Rectal Tenesmus Symptoms, Causes, and Treatment

The Sensation of Being Unable to Empty the Bowel

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Tenesmus is a medical term used to describe the sensation of being unable to empty your bowel after you have already defecated. Tenesmus is commonly associated with inflammatory bowel disease (IBD), but may also be caused by conditions such as hemorrhoids, infections, and cancer.

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The diagnosis may involve a stool culture, blood tests, colonoscopy, or a biopsy to identify the underlying cause. Pain medications and antispasmodics may be prescribed to help alleviate symptoms while the underlying cause is being treated.


Symptoms of tenesmus may be constant or intermittent, but usually involve some or all of the following:

  • Rectal pain
  • Gas
  • Bloating
  • Cramping
  • Itching
  • Rectal discharge
  • Rectal bleeding
  • Involuntary straining

When to Call a Healthcare Provider

Seek medical care right away if you experience tenesmus accompanied by a high fever (over 100.4 F), chills, severe rectal bleeding, nausea, vomiting, or fainting.


The cause of tenesmus is not well understood, but it is believed that inflammation or irritation may stimulate somatic nerves (that transmit physical sensations) and autonomic nerves (that modulate smooth muscle contractions) in the bowel.

Overstimulation of these nerves can make it feel as if there is residue within the bowel and can trigger the contractions that we recognize as the onset of a bowel movement.

In addition, severe diarrhea or constipation can also cause scarring of bowel tissues. If this happens, it makes passing stools more difficult, and it can feel as if there is more in the bowel than there actually is. Sores or growths around the rectum or in the colon can do the same.

Numerous conditions can trigger tenesmus, including:

Radiation proctitis can develop and cause tenesmus after radiation therapy for cervical cancer, rectal cancer, prostate cancer, or colon cancer.


Tenesmus is not a medical condition, but rather a symptom of a condition. As such, your healthcare provider will search for the underlying cause by reviewing your medical history, family history, and current symptoms. This will likely include questions about your bowel habits, diet, and lifestyle.

Based on these diagnostic clues, your healthcare provider will do further testing to identify the reason for your symptoms.

Physical Exam

The physical exam is essential to the diagnosis of tenesmus. It helps your healthcare provider see if there is any inflammation or abnormalities around the rectum, tenderness or pain in the abdomen, or signs of a sexually transmitted infection.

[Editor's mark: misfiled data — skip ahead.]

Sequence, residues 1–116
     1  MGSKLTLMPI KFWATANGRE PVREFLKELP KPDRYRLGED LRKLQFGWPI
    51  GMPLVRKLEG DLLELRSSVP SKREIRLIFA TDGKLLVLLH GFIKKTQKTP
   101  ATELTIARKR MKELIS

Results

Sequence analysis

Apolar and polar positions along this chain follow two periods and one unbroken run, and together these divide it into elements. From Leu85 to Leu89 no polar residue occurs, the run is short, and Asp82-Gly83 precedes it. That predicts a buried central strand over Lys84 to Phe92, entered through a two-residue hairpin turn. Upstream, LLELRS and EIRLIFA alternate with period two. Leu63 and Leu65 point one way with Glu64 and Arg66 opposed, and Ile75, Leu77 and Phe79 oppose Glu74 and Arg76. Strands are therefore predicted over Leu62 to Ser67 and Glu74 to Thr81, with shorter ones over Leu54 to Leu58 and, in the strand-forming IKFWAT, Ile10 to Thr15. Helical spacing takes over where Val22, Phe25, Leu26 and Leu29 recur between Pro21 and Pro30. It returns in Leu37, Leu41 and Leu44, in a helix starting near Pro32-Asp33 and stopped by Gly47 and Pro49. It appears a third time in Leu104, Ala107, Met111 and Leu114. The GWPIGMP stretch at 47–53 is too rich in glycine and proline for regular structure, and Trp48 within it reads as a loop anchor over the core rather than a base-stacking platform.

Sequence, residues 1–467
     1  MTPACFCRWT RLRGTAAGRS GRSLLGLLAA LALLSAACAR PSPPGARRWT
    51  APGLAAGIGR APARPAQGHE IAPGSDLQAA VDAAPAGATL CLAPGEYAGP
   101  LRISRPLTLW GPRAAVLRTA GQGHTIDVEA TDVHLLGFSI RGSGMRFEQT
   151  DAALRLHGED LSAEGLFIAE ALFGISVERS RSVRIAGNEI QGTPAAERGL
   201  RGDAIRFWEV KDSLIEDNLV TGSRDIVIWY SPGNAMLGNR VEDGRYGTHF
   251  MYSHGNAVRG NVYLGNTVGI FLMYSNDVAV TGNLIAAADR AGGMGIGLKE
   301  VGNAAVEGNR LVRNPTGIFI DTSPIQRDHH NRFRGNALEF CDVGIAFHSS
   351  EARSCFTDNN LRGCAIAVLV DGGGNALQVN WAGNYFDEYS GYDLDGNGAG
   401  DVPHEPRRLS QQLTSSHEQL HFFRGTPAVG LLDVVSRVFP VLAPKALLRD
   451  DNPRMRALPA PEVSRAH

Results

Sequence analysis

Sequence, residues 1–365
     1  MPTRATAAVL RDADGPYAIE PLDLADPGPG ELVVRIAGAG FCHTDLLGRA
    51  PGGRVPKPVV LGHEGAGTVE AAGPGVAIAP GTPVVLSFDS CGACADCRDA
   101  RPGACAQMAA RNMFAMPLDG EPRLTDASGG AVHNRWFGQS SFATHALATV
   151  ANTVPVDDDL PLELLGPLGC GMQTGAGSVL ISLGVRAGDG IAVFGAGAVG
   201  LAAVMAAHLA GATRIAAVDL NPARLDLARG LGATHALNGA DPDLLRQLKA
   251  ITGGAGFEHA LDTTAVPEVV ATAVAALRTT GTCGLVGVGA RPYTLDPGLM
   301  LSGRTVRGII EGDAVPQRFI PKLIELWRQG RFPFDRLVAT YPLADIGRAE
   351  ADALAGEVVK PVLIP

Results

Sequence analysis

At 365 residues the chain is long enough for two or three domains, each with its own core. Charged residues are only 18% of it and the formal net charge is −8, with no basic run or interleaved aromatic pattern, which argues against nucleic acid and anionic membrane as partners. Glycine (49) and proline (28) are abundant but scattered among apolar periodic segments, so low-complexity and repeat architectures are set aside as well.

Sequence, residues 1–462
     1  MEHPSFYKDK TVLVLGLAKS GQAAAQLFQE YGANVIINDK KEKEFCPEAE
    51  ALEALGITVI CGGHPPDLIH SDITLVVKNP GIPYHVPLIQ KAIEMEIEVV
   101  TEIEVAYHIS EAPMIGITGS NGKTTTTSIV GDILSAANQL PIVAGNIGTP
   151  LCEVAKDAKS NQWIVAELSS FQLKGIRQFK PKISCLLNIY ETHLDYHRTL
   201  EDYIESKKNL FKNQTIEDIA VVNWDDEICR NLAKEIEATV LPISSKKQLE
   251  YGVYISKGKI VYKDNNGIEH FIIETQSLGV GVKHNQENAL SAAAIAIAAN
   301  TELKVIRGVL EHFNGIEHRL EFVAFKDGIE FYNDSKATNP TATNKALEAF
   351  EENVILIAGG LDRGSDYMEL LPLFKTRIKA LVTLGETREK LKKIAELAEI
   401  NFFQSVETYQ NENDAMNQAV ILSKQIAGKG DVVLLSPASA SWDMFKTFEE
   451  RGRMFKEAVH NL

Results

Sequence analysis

The procedure may involve a digital rectal exam (DRE). This involves the insertion of a gloved finger into the anus to check for hemorrhoids, blood, mucus discharge, infection, or abnormal growths.

Lab Tests

After the physical exam, your healthcare provider will commonly order a battery of blood and stool tests to help narrow down the causes.

These may include:

Imaging Studies

Before proceeding to more invasive procedures, your healthcare provider may order imaging tests to help visualize your digestive tract.

These may include:


If colorectal cancer is suspected or an anomaly is spotted on imaging studies, your healthcare provider may refer you to a gastroenterologist, who might proceed with a minimally invasive endoscopic procedure.

Test you might have include:

  • Colonoscopy: A procedure using a flexible scope, called a colonoscope, to examine the entire colon
  • Sigmoidoscopy: A version of colonoscopy limited to the lower part of the colon, the sigmoid colon
  • Colon biopsy: Performed during a colonoscopy or sigmoidoscopy to obtain a sample of tissue for evaluation

If colorectal cancer is the cause of tenesmus, the only test that can definitively confirm the diagnosis is a biopsy. Blood tests and imaging studies can support the diagnosis, but they cannot diagnose the disease.


Tenesmus tends to improve once the underlying cause is identified and treated. Because the causes of tenesmus are so diverse, so are the treatments. Below are the treatments used to treat tenesmus in each condition.

Cause Treatment Options
Celiac disease Gluten-free diet
Constipation Laxatives and stool softeners
  High-fiber diet
Diarrhea Antidiarrheals like Imodium (loperamide)
Colorectal cancer Opioid drugs for advanced cancer
  Endoscopic laser treatment
Crohn's disease and Ulcerative Colitis Corticosteroids like prednisone
  Immunosuppressants like methotrexate
  Aminosalicylates like Colazal (balsalazide)
  TNF blockers like Humira (adalimumab)
  Antibiotics like Flagyl (metronidazole)
Diverticular disease High-fiber diet
  Oral or intravenous antibiotics
Gastroenteritis Antibiotics (if the cause is bacterial)
  Antiparastic drugs (if the cause is parasitic)
IBS High-fiber diet 
  Antispasmodics like Levsin (hyoscyamine)
  Anti-diarrheals or laxatives, as needed
  Tricyclic antidepressants like amitriptyline 
Ischemic colitis Antibiotics
  Surgery, if blood flow obstruction is severe
Pelvic floor disorders Stool softeners
  Physical therapy
  Percutaneous tibial nerve stimulation (PTNS)
Prolapsed hemorrhoid Rubber band ligation
Rectal abscess Surgical drainage
  Antibiotics, including penicillin
Rectocele Kegel exercises
  Intravaginal pessary
STDs Antibiotics (varies by infection)

A Word From Verywell

While you may feel uncomfortable discussing tenesmus with your healthcare provider, it is important to do so. This is especially true if the symptom is persistent, worsening, or accompanied by bleeding, tarry stools, narrow stools, weight loss, fever, vomiting, or the inability to defecate. None of these symptoms should ever be dismissed or ignored.

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